April 27, 2016 –
Translated by J. Arnoldski
The first informal meeting of the ministers of defense of Russia and ASEAN (Association of Southeast Asian Nations) member countries took place on April 26th in Moscow. Sergey Shoigu discussed the situation in the Asia-Pacific region and approaches to ensuring regional security and the development of cooperation in the military sphere with his Southeast Asian colleagues.
Increasing multilateral cooperation with the “dozen” countries of Southeast Asia is one of Russia’s priorities. The informal meeting was an important contribution to preparations for the commemorative Russia-ASEAN summit set to take place in Sochi in May. Shoigu outlined the views of the Russian Ministry of Defense on key challenges and threats in the Asia-Pacific region and put forth proposals for developing multilateral and bilateral cooperation with the ASEAN countries in a number of areas of mutual interest.
The heads of the ASEAN military delegations expressed gratitude for Russia’s contribution to strengthening security and stability in the Asia-Pacific region as well as expressed interest in encouraging Russia’s further efforts in this area. Bilateral talks were held between Shoigu and each of the ASEAN colleagues, whose members include Malaysia, Indonesia, Thailand, Singapore, the Philippines, Vietnam, Myanmar, Laos, Cambodia, and Papua New Guinea (which has a special observer status).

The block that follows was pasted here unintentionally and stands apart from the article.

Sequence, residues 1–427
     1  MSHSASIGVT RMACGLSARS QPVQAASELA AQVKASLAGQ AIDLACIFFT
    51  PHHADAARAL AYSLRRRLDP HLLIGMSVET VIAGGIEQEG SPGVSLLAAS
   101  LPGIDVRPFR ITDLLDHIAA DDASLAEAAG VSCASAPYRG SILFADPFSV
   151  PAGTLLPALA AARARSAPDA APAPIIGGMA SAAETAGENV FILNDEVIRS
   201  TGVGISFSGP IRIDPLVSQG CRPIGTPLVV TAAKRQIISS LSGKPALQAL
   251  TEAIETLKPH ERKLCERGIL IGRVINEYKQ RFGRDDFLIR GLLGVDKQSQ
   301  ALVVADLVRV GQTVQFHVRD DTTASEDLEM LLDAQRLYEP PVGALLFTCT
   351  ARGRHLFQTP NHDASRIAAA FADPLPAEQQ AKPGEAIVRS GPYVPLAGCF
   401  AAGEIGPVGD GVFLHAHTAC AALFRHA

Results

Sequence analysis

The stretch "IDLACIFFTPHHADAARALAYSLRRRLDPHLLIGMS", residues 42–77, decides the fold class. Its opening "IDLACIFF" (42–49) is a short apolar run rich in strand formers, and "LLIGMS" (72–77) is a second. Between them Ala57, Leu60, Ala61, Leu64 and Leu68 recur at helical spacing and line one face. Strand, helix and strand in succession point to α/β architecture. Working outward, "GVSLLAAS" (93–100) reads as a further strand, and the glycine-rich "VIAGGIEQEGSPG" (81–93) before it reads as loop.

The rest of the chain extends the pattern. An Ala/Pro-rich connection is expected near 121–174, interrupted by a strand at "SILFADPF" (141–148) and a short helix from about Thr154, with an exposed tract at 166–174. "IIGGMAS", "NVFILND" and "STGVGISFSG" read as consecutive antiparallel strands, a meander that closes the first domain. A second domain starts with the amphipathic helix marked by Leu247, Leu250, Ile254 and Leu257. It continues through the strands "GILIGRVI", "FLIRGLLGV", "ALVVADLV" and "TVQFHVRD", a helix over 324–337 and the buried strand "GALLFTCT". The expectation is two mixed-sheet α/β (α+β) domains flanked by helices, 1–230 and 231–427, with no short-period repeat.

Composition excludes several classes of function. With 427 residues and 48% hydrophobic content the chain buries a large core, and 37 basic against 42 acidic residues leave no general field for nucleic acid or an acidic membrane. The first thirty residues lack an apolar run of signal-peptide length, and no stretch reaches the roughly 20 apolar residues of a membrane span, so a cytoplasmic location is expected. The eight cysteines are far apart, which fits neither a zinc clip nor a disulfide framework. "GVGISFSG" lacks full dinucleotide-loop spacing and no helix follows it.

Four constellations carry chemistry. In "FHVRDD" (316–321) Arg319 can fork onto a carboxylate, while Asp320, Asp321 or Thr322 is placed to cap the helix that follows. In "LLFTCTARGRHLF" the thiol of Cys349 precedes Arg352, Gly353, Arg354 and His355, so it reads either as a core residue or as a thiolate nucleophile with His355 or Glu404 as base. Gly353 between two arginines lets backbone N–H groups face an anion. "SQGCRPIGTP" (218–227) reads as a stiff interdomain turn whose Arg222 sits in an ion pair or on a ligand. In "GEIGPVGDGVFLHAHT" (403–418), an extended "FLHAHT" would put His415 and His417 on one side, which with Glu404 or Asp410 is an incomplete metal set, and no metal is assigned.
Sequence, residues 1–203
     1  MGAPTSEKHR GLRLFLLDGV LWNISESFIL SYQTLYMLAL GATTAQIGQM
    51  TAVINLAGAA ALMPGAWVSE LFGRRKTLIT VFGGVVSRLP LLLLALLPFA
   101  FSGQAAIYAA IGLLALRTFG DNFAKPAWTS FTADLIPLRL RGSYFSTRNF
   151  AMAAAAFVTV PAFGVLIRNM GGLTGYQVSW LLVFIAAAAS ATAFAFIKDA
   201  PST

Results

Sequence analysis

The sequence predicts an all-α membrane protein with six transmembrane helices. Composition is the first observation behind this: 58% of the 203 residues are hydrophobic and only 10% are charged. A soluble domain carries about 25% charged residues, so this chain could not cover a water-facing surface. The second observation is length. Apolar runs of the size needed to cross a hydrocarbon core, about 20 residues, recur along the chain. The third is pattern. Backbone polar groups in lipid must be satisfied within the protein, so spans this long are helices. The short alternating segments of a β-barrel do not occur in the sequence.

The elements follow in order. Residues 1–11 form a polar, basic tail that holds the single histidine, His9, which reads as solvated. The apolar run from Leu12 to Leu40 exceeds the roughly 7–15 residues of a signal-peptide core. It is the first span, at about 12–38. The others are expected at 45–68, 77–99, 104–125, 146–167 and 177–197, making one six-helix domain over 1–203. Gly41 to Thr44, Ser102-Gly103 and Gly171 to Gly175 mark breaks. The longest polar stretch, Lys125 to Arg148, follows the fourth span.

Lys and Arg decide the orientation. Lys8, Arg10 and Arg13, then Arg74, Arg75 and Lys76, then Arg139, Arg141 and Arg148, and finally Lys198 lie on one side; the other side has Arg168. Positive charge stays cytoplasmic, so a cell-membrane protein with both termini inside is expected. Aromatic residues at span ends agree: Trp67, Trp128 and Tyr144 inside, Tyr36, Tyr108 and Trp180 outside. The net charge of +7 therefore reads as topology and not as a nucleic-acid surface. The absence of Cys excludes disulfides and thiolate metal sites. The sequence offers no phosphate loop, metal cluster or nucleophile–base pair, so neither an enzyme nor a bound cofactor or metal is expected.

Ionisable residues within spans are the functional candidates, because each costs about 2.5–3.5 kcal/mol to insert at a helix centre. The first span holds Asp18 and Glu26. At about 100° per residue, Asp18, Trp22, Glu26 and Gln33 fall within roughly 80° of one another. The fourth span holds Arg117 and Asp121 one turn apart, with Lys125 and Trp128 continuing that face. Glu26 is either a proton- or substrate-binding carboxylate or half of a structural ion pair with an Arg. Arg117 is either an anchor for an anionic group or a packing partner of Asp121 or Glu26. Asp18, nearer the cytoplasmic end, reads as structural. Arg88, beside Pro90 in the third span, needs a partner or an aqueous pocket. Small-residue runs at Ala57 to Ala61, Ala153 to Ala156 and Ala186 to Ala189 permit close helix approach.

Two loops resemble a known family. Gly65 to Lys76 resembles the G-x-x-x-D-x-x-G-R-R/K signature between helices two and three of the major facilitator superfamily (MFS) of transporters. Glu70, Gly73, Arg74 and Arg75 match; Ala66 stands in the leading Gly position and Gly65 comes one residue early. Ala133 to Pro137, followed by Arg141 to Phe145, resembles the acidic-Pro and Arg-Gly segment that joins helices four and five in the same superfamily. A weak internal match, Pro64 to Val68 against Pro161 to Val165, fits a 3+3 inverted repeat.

Shoigu gave the following statement: “We are grateful for the suggestions on possible paths for strengthening Russia’s role in regional affairs. Our approaches to the settlement of international conflicts and countering new challenges and threats, first and foremost terrorism, coincide.
We positively assess the general attitude towards the development of cooperation in the military spheres. I believe that the expansion of military ties based on Russian-ASEAN (Association of Southeast Asian Nations) cooperation meets not only the interests of our countries, but also the interests of the whole Asia-Pacific region.
Today, we were able to outline some directions for the further development of mutually beneficial cooperation. First and foremost, this includes counter-terrorism, maritime security, the elimination of the consequences of natural and man-made disasters, military medicine, and humanitarian de-mining.”